As pet owners, the last thing we want to think about is our furry family members getting hurt in a fire. Sadly, over half a million pets are affected by house fires each year, and over 1,000 of those house fire incidents are started by pets. Having a pet fire safety plan is an invaluable and essential way to save your home and your pet. July 15th is National Pet Fire Safety Day, and our REALTORS® have put together these tips to inspire you to develop a fire safety plan that includes your pets.
Preventing Your Pet from Starting a Fire
- Extinguish Open Flames
Never leave pets unattended around open flames on candles and fireplaces. Candles are great for a relaxed evening, but with a curious furry pal or a wagging tail, they can be quite the danger. You may want to switch to a battery-operated flameless candle to save your pet and property from needless harm. If your pet loves to cozy up near the fireplace, consider an enclosed gas fireplace or pet gate to ensure they keep a safe distance.
- Remove Stove Knob
A stove or cooktop is a major cause of fires started by pets. A curious pet who climbs around the kitchen can hit a stove knob, turning up a flame or turning on the gas. Be sure to remove knobs or use knob covers before leaving the house. Secure young or untrained pets in crates or behind baby gates to keep them away from potential hazards when you're away from home.
- Secure Electrical Cords
Electrical cords can be tempting to a playful kitty or pup. And sometimes, pets think that the cords are chew toys. Of course, your best bet would be training them to stay away, but securing the wires and cords will ensure they'll have no chance of sparking a fire or electrocuting your pet. Use ties to bundle cords or enclose them in a conduit. Also, dispose of or repair damaged cords.
Prepare in Case of Fire
- Upgrade Your Smoke Detectors
While it's obviously important to ensure your home has functional smoke and carbon monoxide detectors, you may want to think about using monitored smoke detectors for pet fire safety. These devices are connected to a monitoring center. In a situation where a fire breaks out when you're not at home, emergency responders would be alerted and dispatched immediately to rescue your furry companion.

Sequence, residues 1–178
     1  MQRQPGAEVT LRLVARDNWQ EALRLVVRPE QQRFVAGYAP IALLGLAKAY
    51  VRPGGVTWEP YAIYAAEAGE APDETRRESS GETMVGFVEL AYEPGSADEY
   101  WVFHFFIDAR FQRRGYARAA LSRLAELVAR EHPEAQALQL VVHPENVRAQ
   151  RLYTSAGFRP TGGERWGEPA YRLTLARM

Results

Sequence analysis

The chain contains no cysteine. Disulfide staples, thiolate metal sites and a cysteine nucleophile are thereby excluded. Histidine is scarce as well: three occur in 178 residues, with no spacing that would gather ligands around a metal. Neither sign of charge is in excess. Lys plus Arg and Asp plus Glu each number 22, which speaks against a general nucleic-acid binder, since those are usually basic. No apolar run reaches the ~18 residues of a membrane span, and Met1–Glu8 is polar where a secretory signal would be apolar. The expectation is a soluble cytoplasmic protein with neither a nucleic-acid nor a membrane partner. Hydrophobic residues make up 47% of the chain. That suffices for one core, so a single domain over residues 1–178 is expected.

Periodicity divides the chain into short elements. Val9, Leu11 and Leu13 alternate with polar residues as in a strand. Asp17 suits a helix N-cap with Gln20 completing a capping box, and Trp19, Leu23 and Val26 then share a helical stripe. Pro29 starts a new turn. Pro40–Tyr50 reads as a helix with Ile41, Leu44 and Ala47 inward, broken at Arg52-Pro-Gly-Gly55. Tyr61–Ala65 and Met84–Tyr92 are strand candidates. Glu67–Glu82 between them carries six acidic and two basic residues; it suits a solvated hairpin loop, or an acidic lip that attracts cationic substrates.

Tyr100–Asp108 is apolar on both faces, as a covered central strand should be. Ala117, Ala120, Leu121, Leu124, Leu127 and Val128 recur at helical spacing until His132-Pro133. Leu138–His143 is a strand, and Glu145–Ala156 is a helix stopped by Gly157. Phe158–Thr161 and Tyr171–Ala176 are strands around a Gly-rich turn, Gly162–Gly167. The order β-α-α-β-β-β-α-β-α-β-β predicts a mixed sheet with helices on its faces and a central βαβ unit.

- Make an Emergency Plan
If a fire starts, you may have as little as two minutes to evacuate your home. As such, it's important to create and practice a fire evacuation plan with your pet. Identify all the exits for your escape route, place one family member in charge of the pets, and have leashes and pet emergency items stored near an exit. Run a scenario where you find your pet and get them out of the house and also practice exit open access drills. This will help them get used to coming outside when their name is called out.
- ID Your Pet
It's important to microchip your pet or get them a collar with an ID tag. Proper and updated information can help ensure your pet is found and returned home safely if they flee because of the noise and danger of house fire.
- Keep Your Pet Near an Exit
You may enjoy giving your pet a free run of the house, but keeping them in a designated area close to the exit provides a better chance of getting out in case of fire. You can achieve this by crating your pet or creating a space in the foyer. If you don't crate, you need to know where your pet likes to nap or hide when stressed or scared.
- Get Pet Fire Safety Stickers
Place pet fire stickers on the front and back windows of your home. These will let the firefighters know how many and what kind of pets are in the house.
If you're looking at Nassau County homes for sale or Suffolk County homes for sale, we understand that you'll be making your pet part of the home-buying process. Our REALTORS® love animals and can help you find a home that's perfect for all family members, including four-legged ones. Contact us today to learn more.